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Oral Hygiene Instruction - Video Training Modules

July 2021 - Current



October 16, 2020

The project, titled “Smiles United”, was spearheaded by Raquel Rozdolski, D.M.D., a dentist anesthesiologist and Clinical Assistant Professor of Dental Medicine at TCDM, along with colleague Susan DiSenso-Browne, D.D.S., Assistant Professor of Dental Medicine and Course Director of Oral Health Care for Patients with Special Needs. Under their guidance, the Smiles United Project will bring together a group of dental students who will connect with group homes and agencies across New York State and beyond by scheduling virtual small-group sessions with the homes, their patients and their caregivers. In building these connections, the Smiles United team will work to identify the barriers to treatment that patients with IDD are currently experiencing and then develop and test strategies that can be implemented by dental providers.
“This virtual approach will allow one-on-one relationships to be built directly between the providers and their patients, while patients are in the comfort of their own space and setting before their initial in-person appointments,“ said Dr. Rozdolski who is also an active member of the Office for People with Developmental Disabilities NYS Taskforce on Special Needs Dentistry and Course Director of the Pain and Anxiety Management at TCDM. “These forged relationships will aim to reduce some of the patients’ anxieties and fears when they physically come in for treatment and will allow treatment to begin sooner.”



Raquel Rozdolski, DMD, Madeleine Maas
ADSA Pulse - Vol. 52 No. 3 2020

In the past, opioid analgesics were prescribed frequently as the first line of pain management after dental procedures and though non-steroidal anti-inflammatory drugs have risen to the top, opioids are still commonly prescribed. Historically, opioid analgesics, while an important tool in pain management, are associated with high rates of abuse, misuse, and addiction. In the United States, drug overdose deaths continue to rise and this trend is largely driven by prescription opioid analgesics. In fact, 5 to 23 percent of all prescription opioid doses dispensed are used for non-medical purposes. Though primary care physicians prescribe the bulk of opioids, certain specialties, such as dentistry, prescribe opioids at a higher rate. All prescribers have a responsibility to minimize the potential for drug abuse, misuse, addiction, and overdose while still prescribing necessary opioids for patients in need of such opioid analgesia. Some physicians have already begun co-prescribing naloxone along with opioids to minimize that risk. However, this practice is not currently common within the dental profession. Providing overdose prevention in the form of naloxone and opioid overdose response education, including assessment and stimulation of the victim, administration of naloxone, basic life support and aftercare, to drug users, their friends, and family can save lives. It is the dental provider’s responsibility to respond to this call and stay informed on alternative forms of pain management and to know when and how to prescribe opioids safely to their patients. This paper will list and discuss several factors that relate to the decision concerning prescription of opioids and the co-prescription of naloxone. It will also attempt to provide a guideline for such prescriptions.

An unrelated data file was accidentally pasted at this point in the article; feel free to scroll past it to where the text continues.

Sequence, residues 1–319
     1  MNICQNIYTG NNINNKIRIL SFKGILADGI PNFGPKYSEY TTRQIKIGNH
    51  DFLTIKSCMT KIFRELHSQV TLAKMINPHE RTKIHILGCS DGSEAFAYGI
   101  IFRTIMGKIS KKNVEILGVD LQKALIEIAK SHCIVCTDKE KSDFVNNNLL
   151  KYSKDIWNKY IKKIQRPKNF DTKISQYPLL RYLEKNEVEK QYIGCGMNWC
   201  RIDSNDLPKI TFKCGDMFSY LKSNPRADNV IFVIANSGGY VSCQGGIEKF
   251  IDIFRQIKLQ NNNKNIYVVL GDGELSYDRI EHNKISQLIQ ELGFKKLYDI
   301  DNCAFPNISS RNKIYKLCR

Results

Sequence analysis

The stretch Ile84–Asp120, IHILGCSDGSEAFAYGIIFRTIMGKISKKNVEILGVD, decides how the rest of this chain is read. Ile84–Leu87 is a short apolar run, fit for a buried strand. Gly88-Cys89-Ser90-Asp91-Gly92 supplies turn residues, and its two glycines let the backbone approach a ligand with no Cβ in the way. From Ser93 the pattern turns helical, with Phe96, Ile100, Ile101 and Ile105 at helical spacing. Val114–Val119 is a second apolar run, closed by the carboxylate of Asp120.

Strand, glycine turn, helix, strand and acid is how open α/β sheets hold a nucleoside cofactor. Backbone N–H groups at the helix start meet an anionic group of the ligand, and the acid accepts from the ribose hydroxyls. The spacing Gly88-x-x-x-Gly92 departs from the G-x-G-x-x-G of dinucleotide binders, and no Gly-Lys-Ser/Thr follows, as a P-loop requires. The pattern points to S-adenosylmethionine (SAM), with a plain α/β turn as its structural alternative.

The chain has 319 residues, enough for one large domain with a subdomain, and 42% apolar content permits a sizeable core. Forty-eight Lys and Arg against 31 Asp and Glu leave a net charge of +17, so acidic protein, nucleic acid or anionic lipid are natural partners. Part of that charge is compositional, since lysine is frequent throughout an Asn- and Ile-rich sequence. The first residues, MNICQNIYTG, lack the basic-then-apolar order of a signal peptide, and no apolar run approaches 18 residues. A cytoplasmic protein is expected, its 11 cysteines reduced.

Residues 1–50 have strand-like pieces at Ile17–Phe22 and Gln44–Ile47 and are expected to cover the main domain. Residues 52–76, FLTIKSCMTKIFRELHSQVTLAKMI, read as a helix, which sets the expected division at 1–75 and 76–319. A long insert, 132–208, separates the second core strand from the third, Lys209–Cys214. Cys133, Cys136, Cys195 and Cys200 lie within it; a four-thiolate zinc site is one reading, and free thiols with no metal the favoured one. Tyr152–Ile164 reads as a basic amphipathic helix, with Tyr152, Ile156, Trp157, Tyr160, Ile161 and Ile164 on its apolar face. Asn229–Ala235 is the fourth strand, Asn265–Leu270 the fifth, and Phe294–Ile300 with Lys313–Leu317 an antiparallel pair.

Dentistry Today Article.tiff


Raquel Rozdolski, DMD
April 10, 2019

On March 11, 2019, the National Commission on the Recognition of Dental Specialities and Certifying Boards (NCRDSCB) granted dentist anesthesiologists the recognition we have always deserved. However, for me, this title comes secondary to the importance of the awareness this will bring to patients regarding their safety and to dentists who have been left in the dark regarding the extensive training we pursue to provide safe anesthesia care.
First and foremost, patients should be made aware of the significant differences in expertise and skill levels when comparing a residency-trained dentist anesthesiologist and a dentist with far less training who provides limited anesthesia services.

Kids Doctor Checkup


Dr. Rozdolski & Lohud Interview
February 17, 2020

If your child needs extensive dental work, their pediatric dentist may recommend that they undergo sedation. Sedation is a safe way for dentists to complete any required procedures effectively, but it’s also important for parents to fully understand the process. That way, parents can properly prepare themselves and the child and advocate on their behalf.
To educate yourself about what to expect and to ensure your child’s dentist is following industry best practices, here are the questions you should ask beforehand.

Dr. Rozdolski & LoHud Interview
September 21, 2022

HAWTHORNE - Alanna O'Shea needed a lot of dental work, maybe even root canal. A dentist said the 20-year-old who attends a special education program at Ardsley High School would need to be under anesthesia in a hospital operating room to get the work done.

That's an all-too-common, highly invasive practice for treating people with intellectual and developmental disabilities, who may be averse to even the most basic dental procedures.

Then her mom, Elaine O'Shea, brought Alanna to Touro College's dental clinic for an anesthesia consult.

Dr. Raquel Rozdolski, a dentist-anesthesiologist, had other ideas.

Rozdolski, who is course director for pain and anxiety control at Touro College of Dental Medicine, believed Alanna could get through all the dental care she needed without going into an operating room and having to go under anesthesia.

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